Tuesday, September 3, 2013

Stacie says ni hao y'all

Hello friends and family,
 I do not have a lot of time, I always have water to boil :-D. I am sorry I have not posted yet.
I read Kevin's blog and he covers a lot of what has happened, so I will just add a few things from my perspective.
China is an awesome, welcoming place! I love the friendly people, I love the beauty that is all around us (once you get off the streets), and I love the food! The people say the same things a lot to us... beautiful... 5 children, wow!... look, foreigners... helloo... They are really quite kind. There is a dialect here so sometimes I can't understand words I have learned like "water," "7," "8," and "9" for instance. Our neighbor came over to ask if our water was working and I couldn't understand her at all, so she grabbed her granddaughter who could speak English. I was shocked to learn that she had ever used the word "water!" I know that word and it was not used in our discussion. ha ha
The most frustrating thing is not knowing what is being said. Two adorable older ladies wanted to talk to us at the grocery store today. They went on and on in Chinese and... couldn't understand a thing! This happens everyday. I wish I could respond to these conversations because they are so friendly and interested in meeting us. Being a mom means it is hard to find free time to make studying a new language very effective, but I am trying. The schools here teach the children English, so the younger generation can often say a few things.
This is a beautiful place. I love the plants and trees. I saw a bird that looked a little like a woodpecker in body-type but with bottle-blue, sheeny feathers all over it's back! I love birds so I was thrilled. The waterlilies in the photos are lotus and are sometimes nearly 2 feet in diameter. The top of the lotus flower stem is full of seeds that are sold everywhere here and I tasted one- they taste almost like a pine nut. Since I have never left American before, sometimes I am surprised that the trees are real. Other times I think "so that is where this plant comes from before I see it in a store." Buying two small plants for the apartment was a bright spot for me in this busy first week.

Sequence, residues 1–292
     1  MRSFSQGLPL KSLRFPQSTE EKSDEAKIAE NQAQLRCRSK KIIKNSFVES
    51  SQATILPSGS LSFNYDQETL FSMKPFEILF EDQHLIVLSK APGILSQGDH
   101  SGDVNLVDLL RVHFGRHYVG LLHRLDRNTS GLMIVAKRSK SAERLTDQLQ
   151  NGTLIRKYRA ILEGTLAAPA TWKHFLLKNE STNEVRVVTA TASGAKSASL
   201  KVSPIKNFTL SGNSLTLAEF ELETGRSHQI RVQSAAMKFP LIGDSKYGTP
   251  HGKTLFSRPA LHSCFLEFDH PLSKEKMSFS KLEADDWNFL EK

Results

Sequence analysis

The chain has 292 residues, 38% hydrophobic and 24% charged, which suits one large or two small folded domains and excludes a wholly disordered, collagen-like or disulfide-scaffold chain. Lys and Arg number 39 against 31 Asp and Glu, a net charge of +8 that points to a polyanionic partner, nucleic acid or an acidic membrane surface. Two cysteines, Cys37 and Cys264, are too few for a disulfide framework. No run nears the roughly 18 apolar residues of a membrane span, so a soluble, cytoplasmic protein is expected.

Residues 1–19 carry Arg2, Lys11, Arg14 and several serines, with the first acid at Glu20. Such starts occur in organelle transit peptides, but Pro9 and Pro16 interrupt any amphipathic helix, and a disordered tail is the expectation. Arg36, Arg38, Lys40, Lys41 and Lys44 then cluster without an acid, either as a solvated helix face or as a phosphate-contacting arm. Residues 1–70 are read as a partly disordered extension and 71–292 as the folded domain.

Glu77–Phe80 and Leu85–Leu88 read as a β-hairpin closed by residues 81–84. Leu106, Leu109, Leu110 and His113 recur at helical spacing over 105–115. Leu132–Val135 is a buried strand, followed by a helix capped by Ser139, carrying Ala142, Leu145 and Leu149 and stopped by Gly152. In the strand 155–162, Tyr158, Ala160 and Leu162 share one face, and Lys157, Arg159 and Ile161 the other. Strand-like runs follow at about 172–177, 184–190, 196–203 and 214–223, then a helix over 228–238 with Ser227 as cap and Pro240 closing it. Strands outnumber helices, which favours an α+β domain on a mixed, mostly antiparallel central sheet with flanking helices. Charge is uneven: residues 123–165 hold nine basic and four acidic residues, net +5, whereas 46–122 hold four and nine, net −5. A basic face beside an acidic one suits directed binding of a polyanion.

Speaking of nature, there are many small dogs in Chengsha. This attracts Evelynn's attention. There are many miniature poodles, and other small, fluffy dogs but I am unsure of their breed. Evelynn notices them all, "so cute," "so fluffy!" Most often the dogs are not on a leash and just sit next to the owner's chair while they are at work, the littlest ones are carried around, just like my Lucy.
The food is really good. The meat can look very questionable in some places, and there is the local specialty "stinky tofu" sold all over the place that smells like something DIED :-P. Other than this I think everything tastes great. The dumplings, fried rice and noodles, the skewered meat, barbequed eggplant, and breads, all so good! The food is more flavorful than in America, I think. Either that or I am more hungry. The breads always tempt me. They fry it, steam it, barbeque it, boil it. There is plum, sesame, nut, honey, onion, sugar... It really tempts me. Everytime I see bread I feel hungry.
I am excited to teach this Saturday, wish me good luck. I am teaching phonics to 7-9 year olds. (B says "buh" buh-aa-tuh, bat!) I always feel nervous to teach, but I love the challenge of it too. I don't know what will work and all that, I have never taught a foreign language before. Also I can NOT speak their language. So, I feel nervous. A baby boy was crying for his mother while we were walking the other day, and I said to my family, "I can't even understand what HE is saying, and he is a baby! I know less Chinese than a Chinese baby!" It is true too.